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- SEC Could Curtail the Coming Together of Traditional Finance and Crypto
- SEC Has Laser Eyes for Crypto – And Not in a Good Way
The SEC will vote on a proposal on Wednesday that could prevent hedge funds, pension funds, and private equity firms from working with crypto custodians.
Another day, another SEC action against crypto. Bloomberg has reported that the United States Securities and Exchange Commission (SEC) will vote on a proposal on Wednesday, February 15, making it harder for crypto firms to be “qualified custodians.” Qualified custodians are licensed to hold and store digital assets on behalf of clients.
SEC Could Curtail the Coming Together of Traditional Finance and Crypto
For hedge funds, pension funds, and private equity firms to hold crypto assets, they must use the services of qualified custodians. If the rule change is approved, it could mean that institutional funds involved with crypto may have to transfer their funds elsewhere. Bloomberg cites sources familiar with the matter who have indicated that institutional funds may be subject to surprise audits of their custodial relationships. For the rule change to be approved, all five SEC commissioners must approve it and make the proposal available for public comment. After receiving feedback, the agency must consider this and, after that, vote on the rule change again.
The SEC is responsible for protecting investors and ensuring that financial markets remain fair, and in their view, the crypto industry poses a significant threat to achieving its goals. As such, the SEC has launched significant enforcement against numerous crypto firms this year, and its newest move could potentially significantly disrupt the burgeoning crypto market. At the very least, a rule change such as this could curtail the progress made between the traditional finance sector and the crypto industry.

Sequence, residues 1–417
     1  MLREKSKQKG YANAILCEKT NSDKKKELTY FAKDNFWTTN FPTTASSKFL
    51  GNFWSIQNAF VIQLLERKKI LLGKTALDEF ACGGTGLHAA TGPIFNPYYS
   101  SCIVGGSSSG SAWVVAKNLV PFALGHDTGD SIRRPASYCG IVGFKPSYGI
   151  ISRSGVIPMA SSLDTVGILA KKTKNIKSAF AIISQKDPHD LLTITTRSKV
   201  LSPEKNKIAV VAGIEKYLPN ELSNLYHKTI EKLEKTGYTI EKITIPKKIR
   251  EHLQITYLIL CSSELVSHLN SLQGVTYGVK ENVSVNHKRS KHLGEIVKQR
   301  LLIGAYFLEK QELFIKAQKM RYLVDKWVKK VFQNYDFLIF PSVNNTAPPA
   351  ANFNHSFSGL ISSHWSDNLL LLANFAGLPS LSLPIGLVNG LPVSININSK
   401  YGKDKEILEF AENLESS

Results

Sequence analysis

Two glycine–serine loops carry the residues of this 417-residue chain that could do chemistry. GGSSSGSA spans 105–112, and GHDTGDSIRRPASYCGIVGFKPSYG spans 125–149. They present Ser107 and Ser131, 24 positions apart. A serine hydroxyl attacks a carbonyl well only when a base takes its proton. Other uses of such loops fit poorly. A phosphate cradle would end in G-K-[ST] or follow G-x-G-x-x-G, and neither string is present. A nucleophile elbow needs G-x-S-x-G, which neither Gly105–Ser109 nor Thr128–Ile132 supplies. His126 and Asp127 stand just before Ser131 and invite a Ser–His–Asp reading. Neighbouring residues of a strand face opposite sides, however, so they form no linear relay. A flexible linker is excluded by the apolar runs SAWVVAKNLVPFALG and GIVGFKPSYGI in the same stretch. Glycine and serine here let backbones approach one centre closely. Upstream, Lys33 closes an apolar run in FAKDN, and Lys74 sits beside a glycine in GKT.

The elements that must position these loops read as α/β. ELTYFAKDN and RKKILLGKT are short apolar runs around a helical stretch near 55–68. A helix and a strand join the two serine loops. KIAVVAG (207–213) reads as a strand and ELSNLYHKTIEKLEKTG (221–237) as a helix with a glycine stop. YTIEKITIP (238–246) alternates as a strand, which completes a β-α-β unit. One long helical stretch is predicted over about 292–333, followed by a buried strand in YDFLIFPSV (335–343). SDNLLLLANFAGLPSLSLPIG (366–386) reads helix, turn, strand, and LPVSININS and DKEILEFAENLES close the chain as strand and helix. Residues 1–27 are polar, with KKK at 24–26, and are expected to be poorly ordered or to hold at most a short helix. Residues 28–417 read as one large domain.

SEC Has Laser Eyes for Crypto – And Not in a Good Way
2022 proved one of the most tumultuous years for the crypto industry. Many major players in the industry collapsed and triggered an ice-cold crypto winter that wiped out $2 trillion from the market. Understandably, regulators have become concerned with preventing events like the collapse of the Terra ecosystem and Sam-Bankman Fried’s crypto empire from occurring again. However, the SEC has become the regulator most concerned with action and enforcement against crypto-related companies it deems a danger to the broader ecosystem.
In the past week, the agency launched action against cryptocurrency exchange Kraken over its staking program. The SEC argued that Kraken’s staking program was an unlawful offer and sale of securities. The agency claims that because the program was an unregistered offering, investors did not have sufficient information regarding the company’s financial condition, fees, and investment risks. The exchange, however, reached a settlement with the SEC in which it agreed to pay $30 million in penalties and agreed to shutter its staking business.
Days after the news of its settlement with Kraken broke, the SEC announced it intended to sue stablecoin issuer Paxos over Binance USD (BUSD). The agency alleges that BUSD is an unregistered security. After learning of the SEC’s intention, Paxos said it would halt the minting of new BUSD tokens. Earlier today, Paxos said that it categorically disagreed with the allegations made by the SEC and said that its stablecoin did not qualify as a security under federal securities laws. Paxos further said it would engage with the SEC on the matter and would resort to litigation if it becomes necessary.
The SEC must strive to fulfill its duties of protecting investors and ensuring market fairness, so regulating the sector is imperative and understandable. The manner in which the agency takes on its responsibilities and the vigor with which it has done so has become a concern for many. A “targeted attack” and an “anti-crypto attitude” resonate with many.
Disclaimer: This article is provided for informational purposes only. It is not offered or intended to be used as legal, tax, investment, financial, or other advice.